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 Post subject: Sunday on the York Peninsula
PostPosted: January 28th, 2018, 9:44 pm 

Joined: March 2nd, 2014, 6:50 am
Posts: 119
Location: Western Virginia
Early this morning (yesterday morning now, I suppose), a good friend and I motored across the Blue Ridge from college, bound for Virginia’s low country, its more genteel, aristocratic section. First, we stopped in the Piedmont to go to church and pick up my girlfriend Bethany, then headed east to Richmond and on past it into the Coastal Plain to the sounds of Genesis and George Strait. After a quick lunch, where the drink machine ran out of Hi-C orange halfway through my cup filling, we found the beginning of the trail, parked, and headed into the pines and oaks, umbrellas unfurled.

The weather was cooperative, for salamander-hunting that is–55 and rainy. Perfect. After flipping logs unsuccessfully and chatting for the better part of a mile in marginal habitat, we finally came upon a series of marshes and sinkhole ponds reputed to have our target species: the Mabee’s Salamander, Ambystoma mabeei, threatened in Virginia and present from the York peninsula south to the Savannah River on the Atlantic Coast. These chunky, elusive salamanders breed in late winter and early spring in vernal pools, marshes, and swamps, their larvae undergo metamorphosis later in the summer and become adults. The first thing we happened upon at a series of sister woodland pools, though, was this Southern Leopard Frog, found hopping about on the forest floor way before breeding season.

Then, as Hayden and I finished photographing the frog (say that ten times with rapidity), Bethany yelled something enthusiastically from the adjacent twin pond, but her exact words were muffled by the sound of light rain on the forest floor and oak trees above. All I picked up was “got one!” Upon reaching Bethany, we found her with a two-toed amphiuma, albeit a dead one! Perhaps it emerged too early in the winter, or perhaps it had been wounded by a predator but escaped temporarily. Whatever the cause, our lifer, exhilarating though it was (for both Bethany and I, it was our first full–aquatic species), it would have been much better alive.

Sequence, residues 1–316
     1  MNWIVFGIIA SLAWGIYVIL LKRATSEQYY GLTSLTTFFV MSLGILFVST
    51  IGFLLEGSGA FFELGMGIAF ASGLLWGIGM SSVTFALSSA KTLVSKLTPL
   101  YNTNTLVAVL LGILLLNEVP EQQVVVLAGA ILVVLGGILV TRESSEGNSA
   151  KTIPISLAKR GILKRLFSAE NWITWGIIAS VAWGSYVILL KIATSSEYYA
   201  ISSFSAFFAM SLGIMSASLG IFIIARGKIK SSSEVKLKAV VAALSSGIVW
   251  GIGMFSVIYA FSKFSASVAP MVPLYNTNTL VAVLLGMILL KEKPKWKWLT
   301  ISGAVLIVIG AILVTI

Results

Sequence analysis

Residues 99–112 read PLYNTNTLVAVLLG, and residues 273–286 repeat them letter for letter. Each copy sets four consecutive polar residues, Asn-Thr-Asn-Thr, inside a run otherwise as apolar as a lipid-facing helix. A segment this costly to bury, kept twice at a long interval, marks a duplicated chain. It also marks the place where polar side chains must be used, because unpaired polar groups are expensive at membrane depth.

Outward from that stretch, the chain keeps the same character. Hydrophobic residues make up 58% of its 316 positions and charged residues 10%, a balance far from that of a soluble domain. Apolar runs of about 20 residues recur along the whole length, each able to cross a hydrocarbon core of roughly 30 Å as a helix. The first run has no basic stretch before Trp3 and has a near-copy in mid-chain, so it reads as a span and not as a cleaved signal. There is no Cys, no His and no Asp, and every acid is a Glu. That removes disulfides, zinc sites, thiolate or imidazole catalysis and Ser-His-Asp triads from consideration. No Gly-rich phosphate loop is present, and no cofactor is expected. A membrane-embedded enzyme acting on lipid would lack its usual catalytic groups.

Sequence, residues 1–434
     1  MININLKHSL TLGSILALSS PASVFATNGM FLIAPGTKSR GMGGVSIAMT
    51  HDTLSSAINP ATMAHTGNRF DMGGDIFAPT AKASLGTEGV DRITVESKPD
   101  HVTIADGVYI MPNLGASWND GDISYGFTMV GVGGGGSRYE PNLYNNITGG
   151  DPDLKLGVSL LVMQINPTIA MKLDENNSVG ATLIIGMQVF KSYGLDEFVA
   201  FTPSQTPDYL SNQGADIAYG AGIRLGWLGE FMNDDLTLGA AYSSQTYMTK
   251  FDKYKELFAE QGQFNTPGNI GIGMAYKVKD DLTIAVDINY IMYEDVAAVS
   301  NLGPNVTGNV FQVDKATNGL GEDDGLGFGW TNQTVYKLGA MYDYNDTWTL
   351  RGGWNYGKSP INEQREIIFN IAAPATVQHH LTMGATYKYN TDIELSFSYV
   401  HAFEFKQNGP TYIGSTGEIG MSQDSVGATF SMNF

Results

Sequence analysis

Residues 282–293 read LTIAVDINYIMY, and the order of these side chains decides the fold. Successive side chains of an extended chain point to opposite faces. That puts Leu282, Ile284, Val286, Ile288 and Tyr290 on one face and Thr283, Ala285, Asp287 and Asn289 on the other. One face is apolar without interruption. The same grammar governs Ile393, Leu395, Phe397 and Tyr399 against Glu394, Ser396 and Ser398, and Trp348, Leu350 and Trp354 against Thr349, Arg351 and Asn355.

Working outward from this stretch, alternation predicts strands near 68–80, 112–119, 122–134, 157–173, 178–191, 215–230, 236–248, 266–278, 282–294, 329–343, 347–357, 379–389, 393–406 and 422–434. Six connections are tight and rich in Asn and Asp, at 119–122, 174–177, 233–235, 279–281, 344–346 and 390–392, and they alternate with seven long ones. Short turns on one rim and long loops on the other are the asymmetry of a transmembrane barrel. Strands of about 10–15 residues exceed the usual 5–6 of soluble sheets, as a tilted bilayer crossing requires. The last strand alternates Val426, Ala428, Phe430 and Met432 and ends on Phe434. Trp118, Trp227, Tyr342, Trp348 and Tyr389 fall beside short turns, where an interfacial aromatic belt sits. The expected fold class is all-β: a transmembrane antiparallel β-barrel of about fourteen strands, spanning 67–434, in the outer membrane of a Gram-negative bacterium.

Two-toed Amphiuma

After a Cricket frog, another few hundred yards of slogging through rough terrain, and a broken umbrella, we came upon another set of ponds buried deep in a deciduous section of the woods, where pond acidity was likely to be lower. Here, we made hay, scoring three Mabee’s salamander adults in short order, all of them gravid females!!! Bethany flipped the first two, whilst I got the last one before we headed back to the car in absolute euphoria over the day’s momentous herpetological success. What better way to start the year off than to nab two awesome lifers before January even ends? Incredibly, though, the day wasn’t over.
Virginia Mabee's Salamanders

From here, we went to see the battlefield of Yorktown, where Lord Cornwallis was defeated and the British lost all practical hope of maintaining their American colonies, thus allowing the birth of the United States. Walking the battlefield through some heavy fog, we saw the impressive victory monument, erected at the behest of the first Congress in 1781, the British inner defense lines and earthworks, and “Cornwallis’s Cave,” which is not so much of a cave as a small rock outcrop along the York River. The fog impeded our view of the river emptying into the Chesapeake Bay, but the drive home was still sweet.
Yorktown Victory Monument

Hopefully my attempt to insert pictures in this post worked. Hope you all enjoyed it! Happy herping!

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 Post subject: Re: Sunday on the York Peninsula
PostPosted: January 29th, 2018, 3:06 am 

Joined: June 7th, 2010, 5:02 am
Posts: 520
Location: Southern Cal.
Great post ! I enjoyed the pre hunt rituals and the history of the area.
I could also feel the enthusiasm when you found your target.
That rush when you find what you are looking for.
Keep them coming !

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